Home' Trinidad and Tobago Guardian : November 3rd 2013 Contents A27
November 3, 2013 www.guardian.co.tt Sunday Guardian
"Go, go, go, said the bird:
Cannot bear very much reali-
---TS Eliot, Burnt Norton
You have to love Trinidad,
yes. Take my friend X.
There he was, walking down the
road in downtown Port-of-Spain.
He sees a man who looks
unkempt, homeless, and obvious-
ly at risk of disease, crime and/or
To his surprise, the man hails
him out loudly. "Mr X!"
He recognises the man as
someone he used to know 20
years ago. He is shocked at the
change in him. Nevertheless, he
asks, "Eh, how are you?"
Without blinking an eye, the
man looks my friend in the eye
and says: "I okay."
X understands, closes the
exchange with, "Cool."
The men walk on. Pride is pre-
served, a level of democracy is
observed. But reality remains
unacknowledged in the open.
Behind closed doors, among
women, in salons, lulled with
music, with the intimacy of
being pampered by another
woman, talk flourishes. My
masseuse, a clever woman from
East Dry River who owns her
own home and car at 35, spent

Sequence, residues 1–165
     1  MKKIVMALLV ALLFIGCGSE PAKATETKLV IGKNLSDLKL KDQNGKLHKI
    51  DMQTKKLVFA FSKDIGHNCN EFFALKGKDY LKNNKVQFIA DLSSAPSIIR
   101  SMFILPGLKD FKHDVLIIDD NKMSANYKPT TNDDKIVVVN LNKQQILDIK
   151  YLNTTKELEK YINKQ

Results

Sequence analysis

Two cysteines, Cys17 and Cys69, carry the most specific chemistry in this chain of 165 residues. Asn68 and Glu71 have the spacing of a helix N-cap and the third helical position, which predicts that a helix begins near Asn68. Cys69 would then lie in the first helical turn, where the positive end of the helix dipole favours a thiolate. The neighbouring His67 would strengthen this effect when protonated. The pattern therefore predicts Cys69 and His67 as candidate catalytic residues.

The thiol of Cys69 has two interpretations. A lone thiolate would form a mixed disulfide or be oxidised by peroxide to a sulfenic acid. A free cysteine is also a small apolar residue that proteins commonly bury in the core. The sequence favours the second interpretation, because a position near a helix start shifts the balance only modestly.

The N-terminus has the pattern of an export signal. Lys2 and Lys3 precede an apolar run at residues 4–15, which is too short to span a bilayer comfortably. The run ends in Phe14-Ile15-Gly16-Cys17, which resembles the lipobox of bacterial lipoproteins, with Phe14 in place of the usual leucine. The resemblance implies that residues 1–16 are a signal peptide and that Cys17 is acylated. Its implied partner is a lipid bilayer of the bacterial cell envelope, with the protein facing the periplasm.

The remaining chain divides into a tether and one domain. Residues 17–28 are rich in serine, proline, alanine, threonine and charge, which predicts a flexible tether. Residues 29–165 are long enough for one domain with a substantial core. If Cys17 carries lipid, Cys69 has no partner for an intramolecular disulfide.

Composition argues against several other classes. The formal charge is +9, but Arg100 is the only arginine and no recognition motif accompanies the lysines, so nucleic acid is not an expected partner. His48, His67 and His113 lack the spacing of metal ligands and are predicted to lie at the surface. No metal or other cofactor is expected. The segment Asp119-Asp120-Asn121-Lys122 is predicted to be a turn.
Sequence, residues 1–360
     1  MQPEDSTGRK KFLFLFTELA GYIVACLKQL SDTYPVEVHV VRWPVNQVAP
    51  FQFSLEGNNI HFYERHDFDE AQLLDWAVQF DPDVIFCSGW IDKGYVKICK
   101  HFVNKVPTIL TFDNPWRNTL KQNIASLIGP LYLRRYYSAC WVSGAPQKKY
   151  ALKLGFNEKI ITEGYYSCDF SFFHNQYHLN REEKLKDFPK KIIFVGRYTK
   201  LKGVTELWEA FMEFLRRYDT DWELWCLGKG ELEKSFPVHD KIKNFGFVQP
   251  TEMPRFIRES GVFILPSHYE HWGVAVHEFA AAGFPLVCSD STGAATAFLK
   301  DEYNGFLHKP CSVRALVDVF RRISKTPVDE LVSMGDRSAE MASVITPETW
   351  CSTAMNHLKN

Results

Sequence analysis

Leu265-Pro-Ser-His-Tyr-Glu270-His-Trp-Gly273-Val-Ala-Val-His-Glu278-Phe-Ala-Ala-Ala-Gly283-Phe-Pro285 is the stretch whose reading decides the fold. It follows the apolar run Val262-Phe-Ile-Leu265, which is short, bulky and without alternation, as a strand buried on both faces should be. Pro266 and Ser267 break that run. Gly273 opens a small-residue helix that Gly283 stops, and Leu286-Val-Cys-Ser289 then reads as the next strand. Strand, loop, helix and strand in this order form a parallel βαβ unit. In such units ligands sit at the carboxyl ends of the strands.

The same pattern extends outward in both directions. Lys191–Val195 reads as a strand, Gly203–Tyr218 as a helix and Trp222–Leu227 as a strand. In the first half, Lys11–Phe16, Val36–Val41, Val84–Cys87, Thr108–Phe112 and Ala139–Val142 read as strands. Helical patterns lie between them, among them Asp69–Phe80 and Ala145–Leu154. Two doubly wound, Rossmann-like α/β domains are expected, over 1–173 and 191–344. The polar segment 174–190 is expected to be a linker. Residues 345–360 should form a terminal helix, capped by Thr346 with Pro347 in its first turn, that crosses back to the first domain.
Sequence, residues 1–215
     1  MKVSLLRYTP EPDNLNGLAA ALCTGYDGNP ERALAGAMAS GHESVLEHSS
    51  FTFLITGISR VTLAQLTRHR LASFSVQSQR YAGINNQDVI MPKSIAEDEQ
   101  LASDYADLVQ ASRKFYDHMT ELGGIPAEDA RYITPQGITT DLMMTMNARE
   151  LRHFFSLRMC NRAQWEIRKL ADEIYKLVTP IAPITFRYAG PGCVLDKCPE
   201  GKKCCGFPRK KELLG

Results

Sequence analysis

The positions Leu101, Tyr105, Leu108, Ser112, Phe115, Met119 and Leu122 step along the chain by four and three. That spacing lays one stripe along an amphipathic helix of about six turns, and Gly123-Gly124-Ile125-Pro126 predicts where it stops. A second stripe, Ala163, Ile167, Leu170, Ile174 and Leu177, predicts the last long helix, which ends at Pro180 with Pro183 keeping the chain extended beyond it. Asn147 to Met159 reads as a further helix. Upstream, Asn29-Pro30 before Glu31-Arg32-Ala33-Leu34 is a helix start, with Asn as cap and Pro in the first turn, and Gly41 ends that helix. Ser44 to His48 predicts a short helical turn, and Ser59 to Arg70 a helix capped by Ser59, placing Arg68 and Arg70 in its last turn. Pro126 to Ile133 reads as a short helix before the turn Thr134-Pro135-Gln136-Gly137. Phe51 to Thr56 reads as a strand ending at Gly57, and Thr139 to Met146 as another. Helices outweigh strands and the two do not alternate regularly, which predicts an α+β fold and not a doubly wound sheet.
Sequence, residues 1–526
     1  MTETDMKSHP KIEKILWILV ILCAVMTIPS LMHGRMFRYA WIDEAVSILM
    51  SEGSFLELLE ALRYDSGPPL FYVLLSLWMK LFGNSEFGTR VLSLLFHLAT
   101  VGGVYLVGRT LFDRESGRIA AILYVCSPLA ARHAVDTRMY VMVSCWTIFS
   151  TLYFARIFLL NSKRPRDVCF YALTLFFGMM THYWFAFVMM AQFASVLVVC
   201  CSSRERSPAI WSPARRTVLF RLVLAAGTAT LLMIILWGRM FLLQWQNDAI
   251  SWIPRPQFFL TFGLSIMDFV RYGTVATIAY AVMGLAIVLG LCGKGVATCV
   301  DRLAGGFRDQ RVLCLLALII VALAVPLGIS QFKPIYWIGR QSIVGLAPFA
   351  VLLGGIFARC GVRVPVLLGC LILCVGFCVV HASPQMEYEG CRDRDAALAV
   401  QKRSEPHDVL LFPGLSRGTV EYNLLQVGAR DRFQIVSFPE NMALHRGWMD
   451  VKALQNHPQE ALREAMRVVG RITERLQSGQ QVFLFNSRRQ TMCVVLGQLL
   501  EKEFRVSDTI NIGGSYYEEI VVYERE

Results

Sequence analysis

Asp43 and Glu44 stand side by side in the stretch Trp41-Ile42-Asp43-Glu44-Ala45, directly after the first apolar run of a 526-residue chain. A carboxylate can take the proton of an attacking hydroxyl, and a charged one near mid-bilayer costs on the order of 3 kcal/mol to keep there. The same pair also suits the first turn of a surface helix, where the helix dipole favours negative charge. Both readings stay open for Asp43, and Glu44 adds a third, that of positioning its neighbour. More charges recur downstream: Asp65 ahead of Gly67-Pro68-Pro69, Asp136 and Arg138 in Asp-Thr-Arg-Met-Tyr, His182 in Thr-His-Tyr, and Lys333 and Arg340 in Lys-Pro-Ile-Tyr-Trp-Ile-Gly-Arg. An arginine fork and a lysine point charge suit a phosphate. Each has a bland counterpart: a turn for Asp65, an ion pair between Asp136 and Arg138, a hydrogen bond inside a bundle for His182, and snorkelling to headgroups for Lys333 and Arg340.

the full hour giving me her take
She told me an MP visited East
Dry River, Port-of-Spain, before
the local government elections
with an entourage of four Prados
and two SUVs, promising food
cards. She asked one of the driv-
ers whether the Prime Minister
was there, and if not, why her
tax money was being spent on so
much security and vehicles when
sick, old people in this country
have to hustle for transport?
The driver shrugged. He was
She told me: "They think we are
stupid. That we can be bought for
a few T-shirts and food cards and
make-work, Carnival and ten-days.
If they wanted to help, they would
build a day care centre where chil-
dren are supervised after work, or
an adult literacy school or a health
centre that works."
Her grandmother, 86, after having
suffered a heart attack, had to sit in
casualty on a hard chair with other
sick people for five hours before
being seen by a doctor.
We agree that we endure ridiculous
waste of our tax money. (This is not
including the alleged reports of the
current feeding frenzy, nepotism,
and the millions being siphoned off
from Government "projects.") But
the waste is glaring---like a respected
political analyst being paid some
millions by the Government to pon-
der young men and crime. The man
on the street could do that report
for free. It s big money---bringing in
drugs and guns to our transshipment
islands using young men as pawns.
Who is responsible? Big business,
government members or the armed
forces? We can only surmise. It s an
open complicity. If we ask too many